Liability Waivers: How to Protect Insureds

Liability Waivers: How to Protect Insureds

Liability Waivers: How to Protect Insureds
Jul 1, 2022
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There’s a lot of confusion surrounding liability waivers and their effectiveness in protecting policyholders. So, let’s explore what waivers are and are not. 

What’s a Liability Waiver?

A liability waiver, or release of liability, is a signed contract executed before participation in an activity or event. By signing, the participant agrees to release the provider from fault or liability for injuries resulting from ordinary negligence. 

A waiver is not a release of liability for gross negligence. A waiver should not be confused with other legal documents such as an indemnification agreement, disclaimer, covenant not to sue, or informed consent, which operate very differently from a waiver. 

A variety of factors weigh heavily on a waiver’s success in the case of a submitted claim including clarity of the language, the state it is issued in, who signed it, the specifics of the loss, and the level of negligence. 

Language Clarity and State Requirements

The liability waiver should be written in as clear and unambiguous language as possible. Generally speaking, that means the wording must not have more than one reasonable interpretation. The language also needs to include a specific description of the activity involved. 

Issuing State

Some states require specific language and particular font size to draw attention to the terms of the agreement.

The laws in any state a liability waiver is signed are subject to change and will not work for every business or circumstance.  

Ordinary Versus Gross Negligence

Negligence is the failure to use reasonable care. 

Ordinary negligence refers to actions that are careless or caused by inattention. Examples are a jet ski accident occurring simply because two operators weren’t paying attention and ran into each other, or a store owner failing to put up a “wet floor” sign after mopping an area.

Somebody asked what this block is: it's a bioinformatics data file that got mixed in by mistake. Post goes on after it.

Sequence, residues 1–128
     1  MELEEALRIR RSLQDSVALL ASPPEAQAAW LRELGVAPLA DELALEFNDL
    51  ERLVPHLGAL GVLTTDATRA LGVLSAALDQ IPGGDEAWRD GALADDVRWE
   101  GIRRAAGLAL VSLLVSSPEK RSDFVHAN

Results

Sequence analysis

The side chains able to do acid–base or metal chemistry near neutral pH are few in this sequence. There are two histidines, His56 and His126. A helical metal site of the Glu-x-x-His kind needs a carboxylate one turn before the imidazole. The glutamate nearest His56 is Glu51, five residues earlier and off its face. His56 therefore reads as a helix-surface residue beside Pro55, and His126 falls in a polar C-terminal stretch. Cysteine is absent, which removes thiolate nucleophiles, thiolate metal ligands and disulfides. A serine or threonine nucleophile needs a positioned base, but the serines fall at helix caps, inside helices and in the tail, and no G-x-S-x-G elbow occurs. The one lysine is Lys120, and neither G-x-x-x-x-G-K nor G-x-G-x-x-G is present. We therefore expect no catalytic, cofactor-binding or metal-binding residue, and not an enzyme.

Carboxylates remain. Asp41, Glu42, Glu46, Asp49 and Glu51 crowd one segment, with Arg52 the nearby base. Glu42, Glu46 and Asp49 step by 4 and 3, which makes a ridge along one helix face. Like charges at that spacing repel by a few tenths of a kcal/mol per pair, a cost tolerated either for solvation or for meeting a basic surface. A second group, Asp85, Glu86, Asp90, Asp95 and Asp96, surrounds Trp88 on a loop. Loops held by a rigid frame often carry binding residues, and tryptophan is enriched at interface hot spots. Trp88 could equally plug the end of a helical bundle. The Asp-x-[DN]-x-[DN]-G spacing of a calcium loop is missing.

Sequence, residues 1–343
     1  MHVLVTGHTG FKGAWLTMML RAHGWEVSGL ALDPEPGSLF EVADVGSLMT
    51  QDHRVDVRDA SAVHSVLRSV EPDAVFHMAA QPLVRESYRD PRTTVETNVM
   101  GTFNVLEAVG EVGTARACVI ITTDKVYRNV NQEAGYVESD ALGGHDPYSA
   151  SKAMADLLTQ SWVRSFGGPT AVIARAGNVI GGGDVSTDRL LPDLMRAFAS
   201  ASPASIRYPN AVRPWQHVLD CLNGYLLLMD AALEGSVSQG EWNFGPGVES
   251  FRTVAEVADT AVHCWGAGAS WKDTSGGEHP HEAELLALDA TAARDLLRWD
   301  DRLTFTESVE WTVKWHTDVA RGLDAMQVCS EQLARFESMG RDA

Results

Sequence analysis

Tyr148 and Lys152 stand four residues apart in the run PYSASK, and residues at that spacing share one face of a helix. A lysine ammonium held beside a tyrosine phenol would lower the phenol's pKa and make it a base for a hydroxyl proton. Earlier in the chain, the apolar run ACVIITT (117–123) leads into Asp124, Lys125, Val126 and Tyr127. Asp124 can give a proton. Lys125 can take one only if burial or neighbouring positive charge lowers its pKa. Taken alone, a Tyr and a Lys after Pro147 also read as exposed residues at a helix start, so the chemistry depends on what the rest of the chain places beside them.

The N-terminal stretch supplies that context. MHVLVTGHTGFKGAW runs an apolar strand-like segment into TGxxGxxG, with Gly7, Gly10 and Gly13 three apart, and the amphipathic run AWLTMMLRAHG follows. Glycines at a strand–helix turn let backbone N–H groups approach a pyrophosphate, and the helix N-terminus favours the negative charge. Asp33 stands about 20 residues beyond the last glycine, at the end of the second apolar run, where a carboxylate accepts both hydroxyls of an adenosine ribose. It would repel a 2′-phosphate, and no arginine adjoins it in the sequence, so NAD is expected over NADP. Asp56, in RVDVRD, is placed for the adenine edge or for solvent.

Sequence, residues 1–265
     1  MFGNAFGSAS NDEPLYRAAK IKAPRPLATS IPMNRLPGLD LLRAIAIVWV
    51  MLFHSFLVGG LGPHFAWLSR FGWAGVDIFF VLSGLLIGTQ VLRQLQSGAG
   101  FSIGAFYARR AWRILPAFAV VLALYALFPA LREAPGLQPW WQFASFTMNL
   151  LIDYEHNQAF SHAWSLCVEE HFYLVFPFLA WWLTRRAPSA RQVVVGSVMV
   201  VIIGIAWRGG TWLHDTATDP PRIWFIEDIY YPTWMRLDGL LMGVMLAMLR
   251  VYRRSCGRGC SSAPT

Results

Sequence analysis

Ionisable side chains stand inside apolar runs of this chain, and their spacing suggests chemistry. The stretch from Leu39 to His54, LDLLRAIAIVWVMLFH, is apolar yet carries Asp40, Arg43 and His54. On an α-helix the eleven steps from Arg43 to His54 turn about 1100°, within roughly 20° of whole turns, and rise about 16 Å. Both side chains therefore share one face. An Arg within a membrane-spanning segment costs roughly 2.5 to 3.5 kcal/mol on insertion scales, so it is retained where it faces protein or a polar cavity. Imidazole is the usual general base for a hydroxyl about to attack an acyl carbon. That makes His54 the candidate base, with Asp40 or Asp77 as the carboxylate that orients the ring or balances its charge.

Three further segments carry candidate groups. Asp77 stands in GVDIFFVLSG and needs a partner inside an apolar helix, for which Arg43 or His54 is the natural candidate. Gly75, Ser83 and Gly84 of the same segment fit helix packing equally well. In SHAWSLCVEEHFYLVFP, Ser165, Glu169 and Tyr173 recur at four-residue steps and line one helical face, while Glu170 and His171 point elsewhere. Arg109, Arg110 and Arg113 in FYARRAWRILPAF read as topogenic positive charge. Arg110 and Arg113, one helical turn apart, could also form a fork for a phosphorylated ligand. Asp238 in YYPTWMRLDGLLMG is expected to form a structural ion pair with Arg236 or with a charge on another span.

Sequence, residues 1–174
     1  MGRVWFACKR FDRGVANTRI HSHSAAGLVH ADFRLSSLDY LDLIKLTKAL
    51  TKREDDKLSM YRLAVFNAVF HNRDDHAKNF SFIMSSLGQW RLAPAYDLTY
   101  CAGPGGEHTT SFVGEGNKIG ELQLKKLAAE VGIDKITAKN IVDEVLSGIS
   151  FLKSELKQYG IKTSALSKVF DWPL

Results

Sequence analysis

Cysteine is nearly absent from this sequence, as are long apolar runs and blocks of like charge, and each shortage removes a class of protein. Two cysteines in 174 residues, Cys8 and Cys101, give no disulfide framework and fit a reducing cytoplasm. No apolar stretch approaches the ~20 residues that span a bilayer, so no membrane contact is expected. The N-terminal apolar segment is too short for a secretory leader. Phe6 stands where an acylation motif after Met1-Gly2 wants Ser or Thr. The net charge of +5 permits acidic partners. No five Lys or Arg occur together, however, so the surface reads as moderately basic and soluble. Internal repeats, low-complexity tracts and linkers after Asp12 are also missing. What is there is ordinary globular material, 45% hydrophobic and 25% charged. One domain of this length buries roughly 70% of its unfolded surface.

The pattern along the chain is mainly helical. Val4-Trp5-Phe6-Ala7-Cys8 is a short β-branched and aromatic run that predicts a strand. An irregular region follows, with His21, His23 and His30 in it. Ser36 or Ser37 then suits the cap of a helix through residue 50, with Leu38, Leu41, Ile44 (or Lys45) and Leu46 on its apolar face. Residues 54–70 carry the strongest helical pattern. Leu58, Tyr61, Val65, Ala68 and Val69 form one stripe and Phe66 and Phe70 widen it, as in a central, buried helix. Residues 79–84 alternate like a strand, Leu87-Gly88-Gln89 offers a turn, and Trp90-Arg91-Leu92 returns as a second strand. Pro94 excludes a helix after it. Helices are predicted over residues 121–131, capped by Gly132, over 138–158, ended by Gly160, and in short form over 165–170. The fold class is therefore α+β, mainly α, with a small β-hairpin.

Gross negligence is characterized as a conscious or willful disregard of the need to use reasonable care – committing an action that is likely to cause harm. Examples are a person who downed several alcoholic beverages in an hour, then drove their car, or a large-haul trucker deciding to overload the truck beyond legal limits to make more money. 

What Can You Do As An Underwriter?

Ask questions, don’t offer legal advice, and request that policyholders use liability waivers whenever appropriate or possible.

While laws can and do change, there is no downside to using waivers, parental waivers, or stand-alone waivers (i.e., not buried in other documents like membership agreements). Even if not enforced, a signed waiver may be evidence that a participant had knowledge and assumed the risk, potentially reducing the insured’s negligence.

Nautilus Insurance Group products and services are provided through various Surplus Lines insurance company subsidiaries of W. R. Berkley Corporation and offered through licensed Surplus Lines brokers. Not all products and services may be available in all jurisdictions, and the coverage provided by any insurer is subject to the actual terms and conditions of the policies issued. Surplus Lines insurance carriers do not generally participate in state guaranty funds and insureds are therefore not protected by such funds. ©2022 Nautilus Insurance Group. All rights reserved.

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